A dramatic moment between a predator and prey, was captured by photographer, Yongqing Bao. And his split-second shot has won him the prestigious spot of the Wildlife Photographer of the Year 2019. The winning picture shows a fox, hunting to keep her cubs alive, engages in a fight for the survival with a marmot. The National History Museum in London, described the startling moment as “nature’s ultimate challenge- its battle for survival.” Bao’s winning image now going viral has beaten 48,000 entries from 100 countries across the world. 'Above the Polar Bear' & Other Winning Photographs will Leave You Mesmerised.
Hailing from the Chinese province of Qinghai, Bao captured the moment on a meadow in China’s Qilian Mountains National Nature Reserve. The expressively intense posture of the predator and prey will keep you fascinated. Chairman of judges Roz Kidman Cox called the shot to be a “perfect moment,” adding that the “thread of energy between the raised paws seems to hold the protagonists in perfect balance.” The judges further called it a “powerful moment of humour and horror.” Sharing the winning picture on Twitter, the National History Museum called it an “unforgettable and unique moment between a Tibetan fox and a marmot.” Wildlife Photographer of the Year 2018 Winner: Marsel van Oosten Wins The Title For Picture of Two Gazing Golden Monkeys With Blue Faces.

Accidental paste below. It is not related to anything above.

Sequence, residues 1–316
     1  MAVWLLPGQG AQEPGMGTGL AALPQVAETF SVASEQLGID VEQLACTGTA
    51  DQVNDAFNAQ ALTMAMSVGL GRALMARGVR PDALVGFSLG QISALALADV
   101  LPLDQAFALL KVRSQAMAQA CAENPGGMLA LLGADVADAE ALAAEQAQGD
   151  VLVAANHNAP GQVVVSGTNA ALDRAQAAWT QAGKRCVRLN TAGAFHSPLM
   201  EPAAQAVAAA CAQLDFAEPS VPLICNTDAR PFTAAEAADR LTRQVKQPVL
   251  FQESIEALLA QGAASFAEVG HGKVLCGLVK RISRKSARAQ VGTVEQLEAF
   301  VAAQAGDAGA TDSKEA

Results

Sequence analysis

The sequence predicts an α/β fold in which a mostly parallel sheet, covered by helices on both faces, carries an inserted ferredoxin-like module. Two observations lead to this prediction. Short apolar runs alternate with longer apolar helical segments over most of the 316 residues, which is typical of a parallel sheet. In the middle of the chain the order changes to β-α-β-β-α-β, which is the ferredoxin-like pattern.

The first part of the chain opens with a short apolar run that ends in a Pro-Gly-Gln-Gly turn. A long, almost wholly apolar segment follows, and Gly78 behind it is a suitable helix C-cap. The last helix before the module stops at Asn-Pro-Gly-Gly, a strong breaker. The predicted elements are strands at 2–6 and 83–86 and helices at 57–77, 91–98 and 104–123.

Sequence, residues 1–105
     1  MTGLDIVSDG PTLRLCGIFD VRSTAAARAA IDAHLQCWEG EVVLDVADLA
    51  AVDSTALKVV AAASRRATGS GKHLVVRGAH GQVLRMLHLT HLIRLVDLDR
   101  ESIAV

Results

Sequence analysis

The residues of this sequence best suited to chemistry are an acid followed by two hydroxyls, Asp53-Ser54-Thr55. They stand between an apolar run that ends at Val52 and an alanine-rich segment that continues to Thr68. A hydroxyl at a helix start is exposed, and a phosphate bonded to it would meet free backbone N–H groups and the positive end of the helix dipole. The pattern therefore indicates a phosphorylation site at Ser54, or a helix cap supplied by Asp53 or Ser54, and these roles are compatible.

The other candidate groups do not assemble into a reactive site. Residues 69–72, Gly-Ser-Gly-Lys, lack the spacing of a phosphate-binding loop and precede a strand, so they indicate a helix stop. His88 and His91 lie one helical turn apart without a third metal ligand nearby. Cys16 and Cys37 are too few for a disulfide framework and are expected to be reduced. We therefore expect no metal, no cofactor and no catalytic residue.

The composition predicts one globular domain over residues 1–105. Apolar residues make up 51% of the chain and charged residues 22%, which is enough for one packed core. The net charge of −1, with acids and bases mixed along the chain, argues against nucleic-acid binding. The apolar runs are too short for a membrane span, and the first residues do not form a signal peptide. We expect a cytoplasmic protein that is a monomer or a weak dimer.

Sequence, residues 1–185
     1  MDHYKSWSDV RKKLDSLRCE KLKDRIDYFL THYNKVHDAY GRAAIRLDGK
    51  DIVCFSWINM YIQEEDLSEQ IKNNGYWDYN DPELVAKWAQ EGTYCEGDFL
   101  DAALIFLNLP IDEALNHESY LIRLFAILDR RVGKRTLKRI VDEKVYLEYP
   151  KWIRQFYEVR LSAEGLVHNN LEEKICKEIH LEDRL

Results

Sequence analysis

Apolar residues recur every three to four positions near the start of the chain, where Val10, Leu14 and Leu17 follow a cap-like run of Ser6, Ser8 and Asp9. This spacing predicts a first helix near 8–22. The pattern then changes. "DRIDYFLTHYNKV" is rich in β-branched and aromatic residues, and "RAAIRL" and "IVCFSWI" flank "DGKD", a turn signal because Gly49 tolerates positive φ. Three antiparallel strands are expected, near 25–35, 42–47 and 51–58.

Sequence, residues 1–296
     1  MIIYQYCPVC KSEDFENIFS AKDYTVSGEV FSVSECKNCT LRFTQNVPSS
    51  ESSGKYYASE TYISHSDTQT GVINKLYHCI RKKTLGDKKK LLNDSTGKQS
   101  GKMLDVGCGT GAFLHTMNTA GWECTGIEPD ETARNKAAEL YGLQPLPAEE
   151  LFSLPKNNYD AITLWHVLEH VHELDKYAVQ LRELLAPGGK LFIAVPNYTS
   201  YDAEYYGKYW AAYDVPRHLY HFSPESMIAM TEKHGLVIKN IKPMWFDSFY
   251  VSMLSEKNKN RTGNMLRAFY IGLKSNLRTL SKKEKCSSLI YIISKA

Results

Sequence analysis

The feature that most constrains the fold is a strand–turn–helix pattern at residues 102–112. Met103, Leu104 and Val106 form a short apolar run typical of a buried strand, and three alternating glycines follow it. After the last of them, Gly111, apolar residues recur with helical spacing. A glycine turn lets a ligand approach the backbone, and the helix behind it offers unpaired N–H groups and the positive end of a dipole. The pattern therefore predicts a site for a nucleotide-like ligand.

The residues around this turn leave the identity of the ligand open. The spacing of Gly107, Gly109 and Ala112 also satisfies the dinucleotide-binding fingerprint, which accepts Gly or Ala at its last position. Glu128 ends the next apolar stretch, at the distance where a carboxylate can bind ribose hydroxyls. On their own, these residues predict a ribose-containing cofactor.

View the Winning Picture:
And our winner is....Yongqing Bao!
Selected by our judges from over 48,000 entries, Yongqing’s powerful winning picture frames nature’s ultimate challenge - its battle for survival - in an unforgettable and unique moment between a Tibetan fox and a marmot. pic.twitter.com/AvvOHDI9xB
— Natural History Museum (@NHM_London) October 15, 2019
Every year, the international competition is run by the Museum. The winning images in various categories go on a display at the Museum, before touring the UK and internationally. Media reports further confirmed that the full collection of the most captivated photographs from different categories would be shown at the Wildlife Photographer of the Year exhibition which will run from October 18 to May 31, 2020, at the Natural History Museum.